Capital expenditures by business remain weak, Michael DeWalt, Caterpillar’s director of investor relations, said on an April 22 earnings call. Dealers whittled down inventories, and orders for mining equipment including trucks and bulldozers fell in the first quarter.
Today’s report showed shipments of capital goods, a measure that’s used in calculating gross domestic product, climbed 0.3 percent and were up at a 4.1 percent rate in the past three months. They were up at a 5.1 percent pace in the three months to December.
Economists at Morgan Stanley and JPMorgan Chase & Co. in New York lowered their first-quarter GDP tracking estimates after today’s report. JPMorgan reduced its projection to 2.9 percent from 3.1 percent, while Morgan Stanley lowered its forecast to 2.7 percent from 2.9 percent.
The Commerce Department will issue its initial estimate of first-quarter growth on April 26.
Today’s figures showed bookings for commercial aircraft, which are often volatile, declined 48.2 percent after surging 86.4 percent in February. Boeing Co., the Chicago-based aerospace company, said it received orders for 39 aircraft in March, down from 179 placed in February.
Boeing today reported profits that beat analysts’ estimates as the company delivered more profitable 777s and 737s. Revenue fell 2.5 percent to $18.9 billion because of a drop in 787 deliveries and the effect of budget cuts on Boeing’s defense business. Boeing said its commercial and defense backlog rose to a record $392 billion as it gained $20 billion of net orders during the quarter.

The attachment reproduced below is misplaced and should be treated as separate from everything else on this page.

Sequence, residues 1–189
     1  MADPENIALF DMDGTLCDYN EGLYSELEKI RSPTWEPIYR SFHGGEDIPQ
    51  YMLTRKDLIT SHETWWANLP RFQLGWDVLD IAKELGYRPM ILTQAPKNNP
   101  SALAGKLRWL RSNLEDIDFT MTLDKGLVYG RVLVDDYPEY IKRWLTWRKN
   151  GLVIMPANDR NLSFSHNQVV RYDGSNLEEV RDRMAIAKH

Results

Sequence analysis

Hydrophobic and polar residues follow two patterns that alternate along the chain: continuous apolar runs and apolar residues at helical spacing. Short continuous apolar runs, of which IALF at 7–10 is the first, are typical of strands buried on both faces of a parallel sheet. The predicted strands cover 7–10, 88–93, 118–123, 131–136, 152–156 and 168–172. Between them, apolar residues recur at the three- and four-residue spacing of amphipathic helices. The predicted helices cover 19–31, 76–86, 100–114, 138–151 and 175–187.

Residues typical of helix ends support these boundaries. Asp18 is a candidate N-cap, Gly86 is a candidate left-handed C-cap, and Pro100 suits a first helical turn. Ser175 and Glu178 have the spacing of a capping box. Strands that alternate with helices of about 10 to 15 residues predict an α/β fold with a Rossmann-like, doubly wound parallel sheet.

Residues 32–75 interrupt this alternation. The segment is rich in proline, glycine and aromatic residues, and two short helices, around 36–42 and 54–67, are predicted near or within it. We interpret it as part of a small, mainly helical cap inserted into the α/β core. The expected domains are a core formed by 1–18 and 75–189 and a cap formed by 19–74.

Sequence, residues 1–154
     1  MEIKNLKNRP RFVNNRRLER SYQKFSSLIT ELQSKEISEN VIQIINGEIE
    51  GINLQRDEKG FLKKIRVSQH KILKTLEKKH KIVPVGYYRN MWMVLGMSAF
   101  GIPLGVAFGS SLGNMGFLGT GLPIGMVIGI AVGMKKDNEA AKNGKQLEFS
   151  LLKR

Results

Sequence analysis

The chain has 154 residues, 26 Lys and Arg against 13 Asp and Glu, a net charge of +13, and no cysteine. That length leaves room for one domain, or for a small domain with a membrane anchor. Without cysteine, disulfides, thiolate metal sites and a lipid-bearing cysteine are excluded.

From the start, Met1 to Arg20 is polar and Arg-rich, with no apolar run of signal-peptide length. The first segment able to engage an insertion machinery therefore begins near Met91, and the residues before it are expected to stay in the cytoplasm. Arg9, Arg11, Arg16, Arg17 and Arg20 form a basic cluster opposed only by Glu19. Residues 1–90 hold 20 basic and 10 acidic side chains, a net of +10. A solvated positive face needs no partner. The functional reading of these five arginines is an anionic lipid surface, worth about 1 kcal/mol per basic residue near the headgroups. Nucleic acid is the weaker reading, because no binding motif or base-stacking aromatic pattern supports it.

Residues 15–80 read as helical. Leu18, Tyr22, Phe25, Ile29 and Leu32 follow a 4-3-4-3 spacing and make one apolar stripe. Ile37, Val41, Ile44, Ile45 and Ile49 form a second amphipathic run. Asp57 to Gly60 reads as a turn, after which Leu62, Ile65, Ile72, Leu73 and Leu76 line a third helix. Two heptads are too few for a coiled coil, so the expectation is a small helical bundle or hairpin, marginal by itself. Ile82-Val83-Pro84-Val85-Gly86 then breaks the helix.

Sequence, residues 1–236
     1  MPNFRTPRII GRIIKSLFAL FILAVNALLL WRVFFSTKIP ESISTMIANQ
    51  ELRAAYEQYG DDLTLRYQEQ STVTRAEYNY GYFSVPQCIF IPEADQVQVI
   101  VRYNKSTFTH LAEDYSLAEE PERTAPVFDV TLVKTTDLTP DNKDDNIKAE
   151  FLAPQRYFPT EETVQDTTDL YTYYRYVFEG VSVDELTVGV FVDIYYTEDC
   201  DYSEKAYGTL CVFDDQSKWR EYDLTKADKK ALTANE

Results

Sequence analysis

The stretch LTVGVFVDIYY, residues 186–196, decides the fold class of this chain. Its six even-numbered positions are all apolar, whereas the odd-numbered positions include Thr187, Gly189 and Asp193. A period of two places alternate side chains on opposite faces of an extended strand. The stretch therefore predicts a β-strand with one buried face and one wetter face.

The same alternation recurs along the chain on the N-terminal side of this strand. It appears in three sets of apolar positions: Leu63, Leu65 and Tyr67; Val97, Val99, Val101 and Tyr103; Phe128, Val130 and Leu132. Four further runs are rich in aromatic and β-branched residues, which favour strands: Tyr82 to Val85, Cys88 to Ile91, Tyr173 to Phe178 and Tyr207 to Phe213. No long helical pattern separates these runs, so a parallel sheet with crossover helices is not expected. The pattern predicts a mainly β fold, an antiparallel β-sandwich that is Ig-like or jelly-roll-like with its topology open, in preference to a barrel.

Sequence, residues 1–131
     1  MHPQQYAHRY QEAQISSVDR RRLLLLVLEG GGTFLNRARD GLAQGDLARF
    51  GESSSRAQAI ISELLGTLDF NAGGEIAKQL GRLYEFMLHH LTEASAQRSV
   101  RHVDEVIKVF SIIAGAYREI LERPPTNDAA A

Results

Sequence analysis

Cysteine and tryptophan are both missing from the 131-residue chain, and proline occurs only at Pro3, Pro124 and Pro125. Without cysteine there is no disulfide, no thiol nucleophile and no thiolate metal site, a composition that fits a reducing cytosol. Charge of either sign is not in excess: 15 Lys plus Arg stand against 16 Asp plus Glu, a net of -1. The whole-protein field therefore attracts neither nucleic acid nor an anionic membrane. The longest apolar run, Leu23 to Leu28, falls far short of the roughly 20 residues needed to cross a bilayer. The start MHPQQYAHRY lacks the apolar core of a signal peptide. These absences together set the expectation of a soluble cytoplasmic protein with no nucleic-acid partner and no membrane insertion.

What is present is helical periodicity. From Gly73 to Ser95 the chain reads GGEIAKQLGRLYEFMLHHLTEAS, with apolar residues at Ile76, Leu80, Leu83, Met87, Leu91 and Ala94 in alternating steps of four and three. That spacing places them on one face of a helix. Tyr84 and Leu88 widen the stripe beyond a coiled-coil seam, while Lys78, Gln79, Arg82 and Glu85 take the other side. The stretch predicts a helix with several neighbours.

Orders for automobiles increased 0.2 percent last month after a 4.7 percent jump in February, today’s durable goods report showed. Cars and light trucks sold at a 15.2 million annual rate in March after 15.3 million the prior month, according to Ward’s Automotive Group data.
Dearborn, Michigan-based Ford, the second-largest U.S. automaker, today also reported first-quarter profit that exceeded estimates as the Fusion sedan bolstered record results for its North American operations.
The company forecast it would build 800,000 vehicles in North America and 390,000 in Europe during the current quarter. That’s up 63,000 in North America and 21,000 in Europe from a year earlier. Automakers record revenue when vehicles are assembled and shipped to dealers.
Bookings for durables excluding transportation equipment decreased 1.4 percent in March after a 1.7 percent drop the prior month, today’s Commerce Department report showed. Those orders were projected to rise 0.5 percent, according to the Bloomberg survey median.
Orders for non-defense capital goods excluding aircraft, a proxy for future business investment in equipment such as computers and communications gear, rose 0.2 percent, capping a 16.7 percent annualized increase in the first three months of the year. That compares with a 20.4 percent fourth-quarter gain and indicates business spending will keep growing.